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Boudreaux to NYT on Brooks on Cowen on The Great Stagnation

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I can't resist quoting my colleague Don Boudreaux latest letter to the editor verbatim:
To the Editor:

David Brooks appropriately devotes today's column to my GMU Econ colleague Tyler Cowen's important new book "The Great Stagnation" ("The Experience Economy," Feb. 15). Mr. Brooks offers the intriguing hypothesis that what accounts for the relatively 'stagnant' measured economic growth since the mid-1970s isn't so much the absence of remaining "low-hanging fruit" (as Tyler argues) but, instead, a shift to less materialist values.

I have a different hypothesis: what has stagnated isn't the economy but, rather, economists' and statisticians' capacity to measure economic activity and its contribution to human well-being.

As Mr. Brooks notes, Americans today demand more unique and nuanced experiences. Unfortunately, though, the economic value of experiences - unlike that of more corn, more cows, and more cars - is difficult to measure using mid-20th century national-income-accounting categories. But we are demanding these experiences NOT because we're becoming less materialistic or less wealthy. We're demanding these experiences precisely because, rather than stagnating, our economy and our wealth continue to grow so impressively that they are outstripping last-century's economic categories and measurement techniques.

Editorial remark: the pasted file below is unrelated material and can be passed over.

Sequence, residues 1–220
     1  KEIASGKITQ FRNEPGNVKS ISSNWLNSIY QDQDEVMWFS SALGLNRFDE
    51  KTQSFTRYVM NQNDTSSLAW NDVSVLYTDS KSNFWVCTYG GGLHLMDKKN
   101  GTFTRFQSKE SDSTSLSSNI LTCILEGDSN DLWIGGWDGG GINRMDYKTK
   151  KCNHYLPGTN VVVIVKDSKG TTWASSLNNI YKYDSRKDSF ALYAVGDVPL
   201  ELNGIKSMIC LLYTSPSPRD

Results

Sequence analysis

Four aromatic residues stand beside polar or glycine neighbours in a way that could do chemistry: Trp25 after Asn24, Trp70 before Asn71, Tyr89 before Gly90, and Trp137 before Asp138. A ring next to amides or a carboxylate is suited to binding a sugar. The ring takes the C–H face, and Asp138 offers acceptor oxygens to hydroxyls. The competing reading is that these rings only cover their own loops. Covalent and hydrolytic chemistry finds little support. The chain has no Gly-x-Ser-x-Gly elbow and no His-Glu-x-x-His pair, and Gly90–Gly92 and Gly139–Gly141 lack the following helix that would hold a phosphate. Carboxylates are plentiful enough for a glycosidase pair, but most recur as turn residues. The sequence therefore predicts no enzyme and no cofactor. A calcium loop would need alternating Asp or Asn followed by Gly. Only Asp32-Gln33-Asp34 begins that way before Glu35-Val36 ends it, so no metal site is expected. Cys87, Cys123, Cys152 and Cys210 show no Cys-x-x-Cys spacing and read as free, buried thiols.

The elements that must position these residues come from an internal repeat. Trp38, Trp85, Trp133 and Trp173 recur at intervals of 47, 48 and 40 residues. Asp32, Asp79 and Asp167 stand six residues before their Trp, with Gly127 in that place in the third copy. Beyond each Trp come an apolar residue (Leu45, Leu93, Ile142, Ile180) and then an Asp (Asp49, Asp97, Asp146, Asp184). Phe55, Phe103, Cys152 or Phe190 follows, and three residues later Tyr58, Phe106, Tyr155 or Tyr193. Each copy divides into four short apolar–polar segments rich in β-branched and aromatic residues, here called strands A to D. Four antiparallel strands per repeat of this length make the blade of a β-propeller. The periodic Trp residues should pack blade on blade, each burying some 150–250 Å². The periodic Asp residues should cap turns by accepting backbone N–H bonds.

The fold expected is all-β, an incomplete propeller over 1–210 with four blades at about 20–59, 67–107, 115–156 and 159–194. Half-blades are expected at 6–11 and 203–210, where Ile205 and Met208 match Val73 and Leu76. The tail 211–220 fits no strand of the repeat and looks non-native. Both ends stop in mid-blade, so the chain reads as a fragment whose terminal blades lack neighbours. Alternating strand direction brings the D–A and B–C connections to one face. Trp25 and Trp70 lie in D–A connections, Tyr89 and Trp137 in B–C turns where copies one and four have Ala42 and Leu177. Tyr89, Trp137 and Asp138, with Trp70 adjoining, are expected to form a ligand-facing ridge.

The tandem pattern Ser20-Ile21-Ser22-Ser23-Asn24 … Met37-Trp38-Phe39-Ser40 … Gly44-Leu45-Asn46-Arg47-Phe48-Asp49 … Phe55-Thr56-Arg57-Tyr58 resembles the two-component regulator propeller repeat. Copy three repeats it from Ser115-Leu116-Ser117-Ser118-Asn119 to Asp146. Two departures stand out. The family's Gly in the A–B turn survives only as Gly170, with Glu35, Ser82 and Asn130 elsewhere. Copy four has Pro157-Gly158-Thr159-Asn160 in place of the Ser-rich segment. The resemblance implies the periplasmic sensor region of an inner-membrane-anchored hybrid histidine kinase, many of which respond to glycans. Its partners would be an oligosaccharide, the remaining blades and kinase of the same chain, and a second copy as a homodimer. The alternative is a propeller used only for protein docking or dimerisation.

Donald J. Boudreaux
Professor of Economics
George Mason University
Think about it this way: If economic statistics arose in medieval times, we would have measured well-being in something like pounds of grain per capita.  Around 1900, these ossified medieval statistics would probably have revealed a Great Stagnation - followed, I suspect, by actual decline due to the growing diversity of the American diet.

P.S. If you know of actual historical data on grain per capita, please share.

Comments and Sharing

COMMENTS (6 to date)
Yancey Ward writes:

Professor Boudreaux nailed it.

Alex J. writes:

I suspect grain-per-capita went up at least for a while even as people at less grain. They ate more meat, and a pound of farm animal eats much more than a pound of grain.

Tracy W writes:

On the other hand, if this wealth doesn't show up in taxable income, it does create a lot of political problems.

Yancey Ward writes:


I was thinking the exact same thing reading this letter and the last Kling blog post below this one. Government may be tempted/forced to assess taxation in other ways- like time, perhaps?

David C writes:

I suggest measuring human welfare in gigabytes.

Craig Richardson writes:

Fernand Braudel's book, The Structures of Everyday Life, Civilization and Capitalism 15th-18th century, has an excellent chapter on p. 104, titled, "Daily Bread." The average Parisan spent 41 percent of his budget on bread in the late 1700s.

The output of grains also exhibited an initial stagnation followed by further high returns,

Cereal yields in England were a grain to seed ratio of 3 to 1 from 1200 to 1250.

From 1251 to 1499 England went up to 4.1 to 1.

From 1450 to 1700 England went up to 7 to 1.

After 1750 yields jumped to 10.6 to 1.

p. 123.

On another point, does Cowen account for the fact that health insurance costs have swallowed up an increasingly large share of total employee benefits that are not being captured by median income? This is leading to a significant downward compression of median wage growth over the last 20 years.

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